Vernā Myers: How to overcome our biases? Walk boldly toward them

TEDxBeaconStreet

Vernā Myers: How to overcome our biases? Walk boldly toward them

November 15, 2014


Our biases can be dangerous, even deadly — as we've seen in the cases of Michael Brown in Ferguson, Missouri, and Eric Garner, in Staten Island, New York. Diversity advocate Vernā Myers looks closely at some of the subconscious attitudes we hold toward out-groups. She makes a plea to all people: Acknowledge your biases. Then move toward, not away from, the groups that make you uncomfortable. In a funny, impassioned, important talk, she shows us how.

Dave Troy: Social maps that reveal a city's intersections — and separations

TEDGlobal 2014

Dave Troy: Social maps that reveal a city's intersections — and separations

October 13, 2014


Every city has its neighborhoods, cliques and clubs, the hidden lines that join and divide people in the same town. What can we learn about cities by looking at what people share online? Starting with his own home town of Baltimore, Dave Troy has been visualizing what the tweets of city dwellers reveal about who lives there, who they talk to — and who they don’t.

Catherine Crump: The small and surprisingly dangerous detail the police track about you

TEDGlobal 2014

Catherine Crump: The small and surprisingly dangerous detail the police track about you

October 14, 2014


A very unsexy-sounding piece of technology could mean that the police know where you go, with whom, and when: the automatic license plate reader. These cameras are innocuously placed all across small-town America to catch known criminals, but as lawyer and TED Fellow Catherine Crump shows, the data they collect in aggregate could have disastrous consequences for everyone the world over.

Thomas Hellum: The world's most boring television ... and why it's hilariously addictive

TEDxArendal

Thomas Hellum: The world's most boring television ... and why it's hilariously addictive

August 15, 2014


You've heard about slow food. Now here's slow ... TV? In this very funny talk, Norwegian television producer Thomas Hellum shares how he and his team began to broadcast long, boring events, often live -- and found a rapt audience. Shows include a 7-hour train journey, an 18-hour fishing expedition and a 5.5-day ferry voyage along the coast of Norway. The results are both beautiful and fascinating. Really.

Aakash Odedra: A dance in a hurricane of paper, wind and light

TEDGlobal 2014

Aakash Odedra: A dance in a hurricane of paper, wind and light

October 21, 2014


Choreographer Aakash Odedra is dyslexic and has always felt that his best expression comes through movement. “Murmur” is his ode to that experience, teaming up with co-creators Lewis Major and Ars Electronica Futurelab. Watch him spin his way through the center of a storm, as pages of books take flight all around him.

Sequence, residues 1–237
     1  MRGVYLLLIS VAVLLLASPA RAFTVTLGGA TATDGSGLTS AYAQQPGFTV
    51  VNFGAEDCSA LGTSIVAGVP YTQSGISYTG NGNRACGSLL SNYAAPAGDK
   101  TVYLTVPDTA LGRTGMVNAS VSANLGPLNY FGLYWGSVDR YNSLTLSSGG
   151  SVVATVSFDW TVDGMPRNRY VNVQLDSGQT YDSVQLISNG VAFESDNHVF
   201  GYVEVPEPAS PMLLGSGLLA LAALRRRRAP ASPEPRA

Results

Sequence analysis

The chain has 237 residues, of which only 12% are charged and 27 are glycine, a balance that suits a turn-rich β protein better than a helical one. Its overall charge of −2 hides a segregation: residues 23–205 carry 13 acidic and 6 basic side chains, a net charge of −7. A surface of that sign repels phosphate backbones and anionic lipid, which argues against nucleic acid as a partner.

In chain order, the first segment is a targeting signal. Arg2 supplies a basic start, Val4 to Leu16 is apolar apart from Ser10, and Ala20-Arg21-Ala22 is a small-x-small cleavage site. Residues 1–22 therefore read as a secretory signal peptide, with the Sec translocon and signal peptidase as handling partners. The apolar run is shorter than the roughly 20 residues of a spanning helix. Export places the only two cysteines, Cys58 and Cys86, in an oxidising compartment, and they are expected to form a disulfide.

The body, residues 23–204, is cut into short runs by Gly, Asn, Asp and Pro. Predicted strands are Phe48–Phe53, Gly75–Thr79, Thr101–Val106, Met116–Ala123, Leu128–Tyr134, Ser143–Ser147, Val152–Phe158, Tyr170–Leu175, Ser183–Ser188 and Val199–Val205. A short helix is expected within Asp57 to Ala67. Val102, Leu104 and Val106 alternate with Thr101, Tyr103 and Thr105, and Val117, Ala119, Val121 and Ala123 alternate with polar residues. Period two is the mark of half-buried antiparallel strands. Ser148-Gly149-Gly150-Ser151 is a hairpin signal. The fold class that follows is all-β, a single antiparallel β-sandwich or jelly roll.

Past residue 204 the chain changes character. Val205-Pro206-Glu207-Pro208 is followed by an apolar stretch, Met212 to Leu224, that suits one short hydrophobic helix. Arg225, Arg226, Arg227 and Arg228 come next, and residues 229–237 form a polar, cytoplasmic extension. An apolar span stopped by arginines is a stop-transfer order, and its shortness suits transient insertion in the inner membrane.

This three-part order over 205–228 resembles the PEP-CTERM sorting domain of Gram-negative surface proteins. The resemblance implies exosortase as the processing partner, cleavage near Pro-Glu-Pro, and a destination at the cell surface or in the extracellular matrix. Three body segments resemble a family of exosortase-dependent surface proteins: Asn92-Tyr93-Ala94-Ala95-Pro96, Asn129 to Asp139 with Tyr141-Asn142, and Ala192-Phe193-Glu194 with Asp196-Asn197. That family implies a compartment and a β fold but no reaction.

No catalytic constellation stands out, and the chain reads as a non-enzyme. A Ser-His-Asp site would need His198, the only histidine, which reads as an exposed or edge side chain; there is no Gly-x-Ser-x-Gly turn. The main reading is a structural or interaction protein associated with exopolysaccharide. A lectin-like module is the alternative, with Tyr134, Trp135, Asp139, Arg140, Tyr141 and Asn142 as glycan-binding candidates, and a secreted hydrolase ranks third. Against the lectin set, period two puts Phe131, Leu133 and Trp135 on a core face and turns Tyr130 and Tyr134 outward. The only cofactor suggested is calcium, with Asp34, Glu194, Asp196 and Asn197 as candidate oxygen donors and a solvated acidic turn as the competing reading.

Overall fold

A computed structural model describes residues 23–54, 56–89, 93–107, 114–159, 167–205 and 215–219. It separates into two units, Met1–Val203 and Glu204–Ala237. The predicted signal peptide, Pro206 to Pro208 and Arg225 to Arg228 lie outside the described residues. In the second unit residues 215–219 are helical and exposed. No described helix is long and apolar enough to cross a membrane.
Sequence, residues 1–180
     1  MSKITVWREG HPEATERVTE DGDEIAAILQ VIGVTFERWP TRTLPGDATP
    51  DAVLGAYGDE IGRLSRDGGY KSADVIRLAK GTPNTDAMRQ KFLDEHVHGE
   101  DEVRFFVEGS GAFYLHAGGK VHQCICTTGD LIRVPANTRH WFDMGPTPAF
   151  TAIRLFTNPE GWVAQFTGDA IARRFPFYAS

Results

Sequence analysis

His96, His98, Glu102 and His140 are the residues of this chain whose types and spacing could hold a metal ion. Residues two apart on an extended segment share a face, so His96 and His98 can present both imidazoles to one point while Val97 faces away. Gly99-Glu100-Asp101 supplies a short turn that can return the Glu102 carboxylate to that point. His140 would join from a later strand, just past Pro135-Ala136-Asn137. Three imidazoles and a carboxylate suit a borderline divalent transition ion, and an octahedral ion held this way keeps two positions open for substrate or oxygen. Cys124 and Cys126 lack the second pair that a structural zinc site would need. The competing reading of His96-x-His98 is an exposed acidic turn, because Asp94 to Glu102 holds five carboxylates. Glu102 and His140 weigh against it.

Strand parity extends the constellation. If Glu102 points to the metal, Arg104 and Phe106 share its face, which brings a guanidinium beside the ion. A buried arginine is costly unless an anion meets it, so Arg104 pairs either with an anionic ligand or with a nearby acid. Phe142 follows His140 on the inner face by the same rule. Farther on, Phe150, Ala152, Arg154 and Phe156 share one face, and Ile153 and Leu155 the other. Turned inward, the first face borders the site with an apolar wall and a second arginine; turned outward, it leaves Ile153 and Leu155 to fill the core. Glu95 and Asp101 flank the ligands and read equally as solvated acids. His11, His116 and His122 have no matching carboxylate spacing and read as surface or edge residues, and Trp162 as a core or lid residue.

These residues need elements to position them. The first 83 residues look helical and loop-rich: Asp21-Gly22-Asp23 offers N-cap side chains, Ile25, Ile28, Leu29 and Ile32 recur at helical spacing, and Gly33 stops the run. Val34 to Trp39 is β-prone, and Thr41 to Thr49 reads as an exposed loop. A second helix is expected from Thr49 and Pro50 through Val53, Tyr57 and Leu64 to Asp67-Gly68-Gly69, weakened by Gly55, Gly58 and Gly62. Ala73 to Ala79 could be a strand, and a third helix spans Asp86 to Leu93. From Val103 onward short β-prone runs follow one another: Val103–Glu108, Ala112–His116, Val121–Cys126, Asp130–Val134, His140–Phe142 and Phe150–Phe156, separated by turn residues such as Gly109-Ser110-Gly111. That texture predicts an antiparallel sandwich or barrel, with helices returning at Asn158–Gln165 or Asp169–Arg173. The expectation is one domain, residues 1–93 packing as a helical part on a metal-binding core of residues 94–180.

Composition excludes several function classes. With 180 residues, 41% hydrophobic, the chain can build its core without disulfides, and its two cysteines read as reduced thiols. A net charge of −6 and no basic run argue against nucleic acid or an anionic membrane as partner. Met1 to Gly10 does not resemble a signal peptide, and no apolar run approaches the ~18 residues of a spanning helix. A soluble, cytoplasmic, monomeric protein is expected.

Anastasia Taylor-Lind: Fighters and mourners of the Ukrainian revolution

TEDGlobal 2014

Anastasia Taylor-Lind: Fighters and mourners of the Ukrainian revolution

October 14, 2014


“Men fight wars, and women mourn them,” says documentary photographer Anastasia Taylor-Lind. With stark, arresting images from the Maidan protests in Ukraine, the TED Fellow shows us intimate faces from the revolution. A grim and beautiful talk.

Barbara Natterson-Horowitz: What veterinarians know that physicians don't

TEDMED 2014

Barbara Natterson-Horowitz: What veterinarians know that physicians don't

September 16, 2014


What do you call a veterinarian who can only take care of one species? A physician. In a fascinating talk, Barbara Natterson-Horowitz shares how a species-spanning approach to health can improve medical care of the human animal -- particularly when it comes to mental health.

Rainer Strack: The workforce crisis of 2030 -- and how to start solving it now

TED@BCG Berlin

Rainer Strack: The workforce crisis of 2030 -- and how to start solving it now

October 20, 2014


It sounds counterintuitive, but by 2030, many of the world's largest economies will have more jobs than adult citizens to do those jobs. In this data-filled -- and quite charming -- talk, human resources expert Rainer Strack suggests that countries ought to look across borders for mobile and willing job seekers. But to do that, they need to start by changing the culture in their businesses.

Ben Saunders: To the South Pole and back — the hardest 105 days of my life

TED2014

Ben Saunders: To the South Pole and back — the hardest 105 days of my life

March 20, 2014


This year, explorer Ben Saunders attempted his most ambitious trek yet. He set out to complete Captain Robert Falcon Scott’s failed 1912 polar expedition — a four-month, 1,800-mile round trip journey from the edge of Antarctica to the South Pole and back. In the first talk given after his adventure, just five weeks after his return, Saunders offers a raw, honest look at this “hubris”-tinged mission that brought him to the most difficult decision of his life.

Oren Yakobovich: Hidden cameras that film injustice in the world’s most dangerous places

TEDGlobal 2014

Oren Yakobovich: Hidden cameras that film injustice in the world’s most dangerous places

October 14, 2014


To see is to believe, says Oren Yakobovich — which is why he helps everyday people use hidden cameras to film dangerous situations of violence, political fraud and abuse. His organization, Videre, uncovers, verifies and publicizes human-rights abuses that the world needs to witness.